I think however a basic 'import' of spring-security should work now and things such as compiling, deploying the samples etc. should work.

        Things will probably work a little better with more recent version of Gradle also, but I think the spring-security build-script is still requiring M3 so your build script itself may need some work to make that possible.

        Main reason why it will work better is that in more recent Gradle it is possible for STS to reliably determine whether eclipse tasks are available for a project which means that it can turn on running those tasks by default.

        This is important for spring-security because of aspectj natures, WTP natures etc. Right now the only way to get support for those is running the eclipse task.

        Anyhow, I would appreciate very much that if you are trying the tools, you could raise more issues for your most pressing pain points and problems based on the current state of the tools.

        I will also open some separate issues myself based on what I think is still left to do based on your original list.

        Show
        Kris De Volder (c) added a comment - - edited Hey Rob, I'm closing this issue. I'm sure I didn't yet do all that you were asking for and there are still improvements possible. I think however a basic 'import' of spring-security should work now and things such as compiling, deploying the samples etc. should work. Things will probably work a little better with more recent version of Gradle also, but I think the spring-security build-script is still requiring M3 so your build script itself may need some work to make that possible. Main reason why it will work better is that in more recent Gradle it is possible for STS to reliably determine whether eclipse tasks are available for a project which means that it can turn on running those tasks by default. This is important for spring-security because of aspectj natures, WTP natures etc. Right now the only way to get support for those is running the eclipse task. Anyhow, I would appreciate very much that if you are trying the tools, you could raise more issues for your most pressing pain points and problems based on the current state of the tools. I will also open some separate issues myself based on what I think is still left to do based on your original list.
        Kris De Volder (c) made changes -
        Status Open [ 1 ] Resolved [ 5 ]
        Fix Version/s 2.9.0.M1 [ 11799 ]
        Resolution Complete [ 13 ]
        Hide
        Kris De Volder (c) added a comment - - edited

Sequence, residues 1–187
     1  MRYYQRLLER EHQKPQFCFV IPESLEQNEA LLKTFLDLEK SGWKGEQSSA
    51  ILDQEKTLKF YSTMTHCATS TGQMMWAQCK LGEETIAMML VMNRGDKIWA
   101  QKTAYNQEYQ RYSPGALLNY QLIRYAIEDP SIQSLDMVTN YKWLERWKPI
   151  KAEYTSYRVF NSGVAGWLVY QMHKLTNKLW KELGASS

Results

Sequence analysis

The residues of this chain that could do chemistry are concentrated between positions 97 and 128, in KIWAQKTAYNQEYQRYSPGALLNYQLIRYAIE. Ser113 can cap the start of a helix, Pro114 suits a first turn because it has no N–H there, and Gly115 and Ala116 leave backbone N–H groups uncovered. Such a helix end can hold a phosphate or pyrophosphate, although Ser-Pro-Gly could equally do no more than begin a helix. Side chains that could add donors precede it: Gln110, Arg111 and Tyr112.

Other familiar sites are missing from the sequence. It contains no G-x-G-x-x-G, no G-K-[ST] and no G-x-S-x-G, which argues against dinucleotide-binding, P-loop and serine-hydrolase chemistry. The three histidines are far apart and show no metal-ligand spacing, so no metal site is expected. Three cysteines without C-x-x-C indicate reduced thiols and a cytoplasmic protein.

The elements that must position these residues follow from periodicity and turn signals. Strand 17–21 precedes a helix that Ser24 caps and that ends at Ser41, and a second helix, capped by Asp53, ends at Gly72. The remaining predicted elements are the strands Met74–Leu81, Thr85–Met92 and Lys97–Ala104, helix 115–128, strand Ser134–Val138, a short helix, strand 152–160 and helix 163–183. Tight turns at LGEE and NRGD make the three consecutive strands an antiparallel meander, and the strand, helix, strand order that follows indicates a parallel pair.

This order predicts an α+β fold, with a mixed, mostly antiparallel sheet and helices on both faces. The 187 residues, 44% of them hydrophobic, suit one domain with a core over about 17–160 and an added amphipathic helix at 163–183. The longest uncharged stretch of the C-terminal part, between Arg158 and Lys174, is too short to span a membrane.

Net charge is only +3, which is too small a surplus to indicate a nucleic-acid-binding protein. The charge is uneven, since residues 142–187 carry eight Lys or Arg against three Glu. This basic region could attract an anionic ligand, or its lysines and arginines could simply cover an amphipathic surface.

Issue raised: https://issuetracker.springsource.com/browse/STS-2342 (maven index integration)
        Existing issue: https://issuetracker.springsource.com/browse/STS-2088 (DSLD support)
        Issue raised: https://issuetracker.springsource.com/browse/STS-1856 (EGit integration)

        Show
        Kris De Volder (c) added a comment - - edited Issue raised: https://issuetracker.springsource.com/browse/STS-2342 (maven index integration) Existing issue: https://issuetracker.springsource.com/browse/STS-2088 (DSLD support) Issue raised: https://issuetracker.springsource.com/browse/STS-1856 (EGit integration)
        Hide
        Rob Winch (c) added a comment -

        Kris,

        Thank you for following up on this. I agree that a majority of my concerns have been addressed. Hopefully I can get some time to update to the latest gradle soon. At that time I will be certain to provide new JIRA's for issues I encounter. Thanks for the excellent support.

        Show
        Rob Winch (c) added a comment - Kris, Thank you for following up on this. I agree that a majority of my concerns have been addressed. Hopefully I can get some time to update to the latest gradle soon. At that time I will be certain to provide new JIRA's for issues I encounter. Thanks for the excellent support.
        Hide
        Kris De Volder (c) added a comment -

        Great... thanks! It is a big help to get feedback like this. Working with spring-security as a 'test project' has been quite helpful to me in figuring out what needs fixing

        Show
        Kris De Volder (c) added a comment - Great... thanks! It is a big help to get feedback like this. Working with spring-security as a 'test project' has been quite helpful to me in figuring out what needs fixing
        Trevor Marshall (c) made changes -
        Workflow jira [ 33482 ] jira with Pivotal Tracker [ 66452 ]
        Transition Time In Source Status Execution Times Last Executer Last Execution Date
        Open Open Resolved Resolved
        180d 15h 32m 1 Kris De Volder (c) 16/Dec/11 12:11 PM

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          • Assignee:
            Kris De Volder (c)
            Reporter:
            Rob Winch (c)